Magnetosphere, Ionosphere and Solar-Terrestrial

Latest news

New MIST Council 2021-

There have been some recent ingoings and outgoings at MIST Council - please see below our current composition!:

  • Oliver Allanson, Exeter (This email address is being protected from spambots. You need JavaScript enabled to view it.), to 2024 -- Chair
  • Beatriz Sánchez-Cano, Leicester (This email address is being protected from spambots. You need JavaScript enabled to view it.), to 2024
  • Mathew Owens, Reading (This email address is being protected from spambots. You need JavaScript enabled to view it.), to 2023
  • Jasmine Sandhu, Northumbria (This email address is being protected from spambots. You need JavaScript enabled to view it.), to 2023 -- Vice-Chair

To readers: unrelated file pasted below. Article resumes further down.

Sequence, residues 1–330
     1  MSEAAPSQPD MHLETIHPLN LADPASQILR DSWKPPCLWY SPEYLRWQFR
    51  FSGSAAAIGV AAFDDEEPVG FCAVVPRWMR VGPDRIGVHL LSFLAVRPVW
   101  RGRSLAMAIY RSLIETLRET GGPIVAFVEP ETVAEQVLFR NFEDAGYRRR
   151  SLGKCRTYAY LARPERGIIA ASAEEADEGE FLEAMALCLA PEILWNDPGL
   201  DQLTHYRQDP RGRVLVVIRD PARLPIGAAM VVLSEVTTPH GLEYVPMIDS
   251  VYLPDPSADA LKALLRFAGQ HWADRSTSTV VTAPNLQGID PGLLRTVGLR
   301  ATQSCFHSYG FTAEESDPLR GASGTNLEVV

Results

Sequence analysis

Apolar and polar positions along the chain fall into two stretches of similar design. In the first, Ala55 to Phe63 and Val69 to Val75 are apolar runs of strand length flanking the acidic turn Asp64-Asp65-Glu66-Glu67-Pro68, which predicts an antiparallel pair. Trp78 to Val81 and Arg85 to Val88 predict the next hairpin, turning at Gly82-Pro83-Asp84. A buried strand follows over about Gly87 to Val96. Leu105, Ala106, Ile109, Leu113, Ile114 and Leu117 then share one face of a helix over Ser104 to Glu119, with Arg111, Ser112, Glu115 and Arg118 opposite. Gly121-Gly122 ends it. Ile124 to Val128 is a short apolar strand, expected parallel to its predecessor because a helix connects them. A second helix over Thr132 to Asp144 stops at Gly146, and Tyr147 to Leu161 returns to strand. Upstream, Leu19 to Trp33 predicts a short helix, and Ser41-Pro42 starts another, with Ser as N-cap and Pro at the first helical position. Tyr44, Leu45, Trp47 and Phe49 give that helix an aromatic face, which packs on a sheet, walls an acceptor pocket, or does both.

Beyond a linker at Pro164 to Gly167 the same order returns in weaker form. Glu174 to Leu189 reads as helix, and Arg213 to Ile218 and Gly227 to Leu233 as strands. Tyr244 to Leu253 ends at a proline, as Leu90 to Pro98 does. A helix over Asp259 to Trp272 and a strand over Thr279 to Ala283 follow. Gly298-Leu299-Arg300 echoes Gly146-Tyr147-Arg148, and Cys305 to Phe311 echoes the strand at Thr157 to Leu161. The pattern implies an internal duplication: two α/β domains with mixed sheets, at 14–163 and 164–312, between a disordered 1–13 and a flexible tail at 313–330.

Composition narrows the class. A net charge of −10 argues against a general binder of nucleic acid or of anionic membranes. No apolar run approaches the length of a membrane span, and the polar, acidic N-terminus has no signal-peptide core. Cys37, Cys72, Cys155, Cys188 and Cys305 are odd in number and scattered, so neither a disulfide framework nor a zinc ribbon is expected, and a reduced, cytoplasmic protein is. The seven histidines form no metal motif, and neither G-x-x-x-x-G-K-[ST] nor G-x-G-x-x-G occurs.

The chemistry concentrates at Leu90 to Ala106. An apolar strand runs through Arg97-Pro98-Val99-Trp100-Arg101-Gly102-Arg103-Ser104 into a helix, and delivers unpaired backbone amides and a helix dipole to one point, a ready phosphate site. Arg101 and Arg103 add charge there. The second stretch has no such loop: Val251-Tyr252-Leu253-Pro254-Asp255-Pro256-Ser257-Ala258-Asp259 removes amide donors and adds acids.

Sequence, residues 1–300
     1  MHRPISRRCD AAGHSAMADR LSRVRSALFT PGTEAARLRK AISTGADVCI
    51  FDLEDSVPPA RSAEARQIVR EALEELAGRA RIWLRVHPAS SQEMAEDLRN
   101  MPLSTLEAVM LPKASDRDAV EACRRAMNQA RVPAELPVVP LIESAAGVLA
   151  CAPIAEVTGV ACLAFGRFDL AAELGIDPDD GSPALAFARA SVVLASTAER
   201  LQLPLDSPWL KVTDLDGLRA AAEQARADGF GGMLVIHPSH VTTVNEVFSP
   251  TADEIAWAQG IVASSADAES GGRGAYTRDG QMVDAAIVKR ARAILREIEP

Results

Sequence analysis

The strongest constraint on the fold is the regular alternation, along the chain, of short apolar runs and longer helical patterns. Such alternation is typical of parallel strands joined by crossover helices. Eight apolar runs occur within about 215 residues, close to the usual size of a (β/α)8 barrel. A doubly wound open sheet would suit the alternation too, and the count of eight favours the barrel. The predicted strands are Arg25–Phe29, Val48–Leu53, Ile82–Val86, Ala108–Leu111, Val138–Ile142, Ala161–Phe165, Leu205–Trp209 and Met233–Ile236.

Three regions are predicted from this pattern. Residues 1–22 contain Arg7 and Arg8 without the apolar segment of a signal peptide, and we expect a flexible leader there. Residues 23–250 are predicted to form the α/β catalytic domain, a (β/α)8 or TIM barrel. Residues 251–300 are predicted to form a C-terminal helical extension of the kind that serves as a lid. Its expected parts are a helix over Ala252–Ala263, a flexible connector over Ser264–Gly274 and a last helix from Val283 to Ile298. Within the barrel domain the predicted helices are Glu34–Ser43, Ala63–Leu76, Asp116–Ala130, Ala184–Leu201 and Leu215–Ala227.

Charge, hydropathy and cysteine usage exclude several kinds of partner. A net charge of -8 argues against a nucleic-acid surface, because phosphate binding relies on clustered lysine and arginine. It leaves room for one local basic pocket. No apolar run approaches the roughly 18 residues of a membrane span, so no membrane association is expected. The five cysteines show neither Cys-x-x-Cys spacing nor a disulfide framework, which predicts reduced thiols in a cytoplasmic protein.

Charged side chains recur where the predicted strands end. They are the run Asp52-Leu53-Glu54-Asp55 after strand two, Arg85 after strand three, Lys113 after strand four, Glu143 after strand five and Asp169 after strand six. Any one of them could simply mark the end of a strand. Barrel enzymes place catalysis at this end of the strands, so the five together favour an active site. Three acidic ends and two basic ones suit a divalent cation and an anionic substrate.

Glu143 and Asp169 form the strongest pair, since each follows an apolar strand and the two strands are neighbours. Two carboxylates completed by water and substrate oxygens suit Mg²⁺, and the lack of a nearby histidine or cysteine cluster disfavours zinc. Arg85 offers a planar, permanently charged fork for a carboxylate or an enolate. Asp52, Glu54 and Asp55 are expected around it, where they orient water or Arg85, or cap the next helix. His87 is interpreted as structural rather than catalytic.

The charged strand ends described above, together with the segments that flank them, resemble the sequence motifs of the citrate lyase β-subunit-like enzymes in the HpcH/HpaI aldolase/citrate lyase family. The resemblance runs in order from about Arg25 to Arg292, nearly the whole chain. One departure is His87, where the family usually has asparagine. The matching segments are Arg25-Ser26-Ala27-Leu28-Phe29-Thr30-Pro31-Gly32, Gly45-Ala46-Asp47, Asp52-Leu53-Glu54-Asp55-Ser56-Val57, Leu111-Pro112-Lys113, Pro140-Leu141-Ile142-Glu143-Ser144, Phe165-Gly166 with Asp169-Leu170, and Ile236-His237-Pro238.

• Maria-Theresia Walach, Lancaster (This email address is being protected from spambots. You need JavaScript enabled to view it.), to 2022
  • Sarah Badman, Lancaster (This email address is being protected from spambots. You need JavaScript enabled to view it.), to 2022
    (co-opted in 2021 in lieu of outgoing councillor Greg Hunt)

Charter amendment and MIST Council elections open

Nominations for MIST Council open today and run through to 8 August 2021! Please feel free to put yourself forward for election – the voting will open shortly after the deadline and run through to the end of August. The positions available are:

  • 2 members of MIST Council
  • 1 student representative (pending the amendment below passing)

Please email nominations to This email address is being protected from spambots. You need JavaScript enabled to view it. by 8 August 2021. Thank you!